“Systems thinking focuses on the facts of functioning in human relationship systems. It focusses on what happened, and on how and when and where it happened. It carefully avoids our automatic preoccupation with why it happened.” Dr. Murray Bowen

In last weeks blog, we introduced three shifts in focus that can provide a leader with a sharper edge. This week we take a deeper dive into systems thinking vs. linear thinking.

Linear thinking is characterized by cause and effect. This type of thinking lends itself to quick solutions and easy answers. Smoking causes lung cancer. If this were true why is it that many heavy smokers live into their nineties without developing lung cancer? A systems thinker would see cigarette smoking as a contributing factor to lung cancer. What other factors might contribute to the development of cancer?

Problem employees in the workplace are often referred to as a cancer. The leader thinking in a linear fashion may be quick to “cut out the cancer” without a broad understanding of the emotional process at play within the organization. The leader unknowingly contributing to the cultural problems moves forward and unsurprisingly another “cancer” re-appears in a different area of the organization.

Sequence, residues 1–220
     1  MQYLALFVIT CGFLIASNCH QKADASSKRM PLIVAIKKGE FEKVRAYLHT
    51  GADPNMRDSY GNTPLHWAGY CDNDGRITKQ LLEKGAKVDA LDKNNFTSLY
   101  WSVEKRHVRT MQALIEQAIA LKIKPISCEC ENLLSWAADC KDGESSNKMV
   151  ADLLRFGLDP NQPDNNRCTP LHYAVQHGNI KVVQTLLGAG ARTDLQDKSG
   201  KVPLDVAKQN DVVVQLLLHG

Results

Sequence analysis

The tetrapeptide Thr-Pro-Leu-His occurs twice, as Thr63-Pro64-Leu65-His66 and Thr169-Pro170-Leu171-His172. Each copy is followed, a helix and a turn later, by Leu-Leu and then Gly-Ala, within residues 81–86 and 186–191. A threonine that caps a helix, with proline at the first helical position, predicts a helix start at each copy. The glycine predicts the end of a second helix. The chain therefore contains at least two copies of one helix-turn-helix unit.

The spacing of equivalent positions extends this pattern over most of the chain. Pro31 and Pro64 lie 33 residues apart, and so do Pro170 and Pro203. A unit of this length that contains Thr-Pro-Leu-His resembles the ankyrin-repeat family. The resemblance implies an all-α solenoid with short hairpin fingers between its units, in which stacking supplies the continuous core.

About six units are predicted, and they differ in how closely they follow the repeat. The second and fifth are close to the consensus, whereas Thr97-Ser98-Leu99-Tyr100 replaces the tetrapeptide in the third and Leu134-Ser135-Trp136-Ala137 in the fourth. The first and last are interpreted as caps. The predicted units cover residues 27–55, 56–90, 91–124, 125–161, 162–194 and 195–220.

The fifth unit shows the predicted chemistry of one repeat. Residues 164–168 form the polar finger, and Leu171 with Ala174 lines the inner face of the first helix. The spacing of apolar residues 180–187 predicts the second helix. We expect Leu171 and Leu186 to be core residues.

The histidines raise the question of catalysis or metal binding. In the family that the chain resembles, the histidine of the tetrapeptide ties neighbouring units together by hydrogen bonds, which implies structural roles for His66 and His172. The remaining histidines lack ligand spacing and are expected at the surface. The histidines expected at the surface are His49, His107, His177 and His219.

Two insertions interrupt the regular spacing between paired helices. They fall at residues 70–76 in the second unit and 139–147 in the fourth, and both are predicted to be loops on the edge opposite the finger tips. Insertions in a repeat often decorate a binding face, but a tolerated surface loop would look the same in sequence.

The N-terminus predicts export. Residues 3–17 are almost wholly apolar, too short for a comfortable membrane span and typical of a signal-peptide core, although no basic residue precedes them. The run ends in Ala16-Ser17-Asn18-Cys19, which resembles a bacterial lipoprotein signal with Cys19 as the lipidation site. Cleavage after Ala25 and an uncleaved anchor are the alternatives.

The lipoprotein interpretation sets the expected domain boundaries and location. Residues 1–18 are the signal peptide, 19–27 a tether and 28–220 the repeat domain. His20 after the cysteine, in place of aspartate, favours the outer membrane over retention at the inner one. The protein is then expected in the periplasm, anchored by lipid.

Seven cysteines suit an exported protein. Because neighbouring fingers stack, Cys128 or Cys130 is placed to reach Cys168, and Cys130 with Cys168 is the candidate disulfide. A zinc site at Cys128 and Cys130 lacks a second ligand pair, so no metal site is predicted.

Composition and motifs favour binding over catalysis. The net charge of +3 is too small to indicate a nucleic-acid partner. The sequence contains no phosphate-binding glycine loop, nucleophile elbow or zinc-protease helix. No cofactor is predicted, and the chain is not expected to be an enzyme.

Linear Thinking : Anxiety leads to solving the problem quickly

  • cause and effect
  • tip of the iceberg
  • I consider only what I see

Systems Thinking : Curiosity leads to a deeper understanding of the problem and possible solutions

  • contributing factors
  • exploring below the surface
  • I consider what is behind what I see and how the organization responds to what I see

How might a high degree of perceived loneliness in an individual smoker contribute to the risk of cancer? Do stronger social connections reduce the risk of cancer?

How might a strong connection between the CFO and the CEO reduce the risk of organizational cancer?

Is there a correlation between the under performing worker and the anorexic daughter of an overfunctioning leader? Is it the leaders fault? Next week we explore another focus shift – blame to responsibility.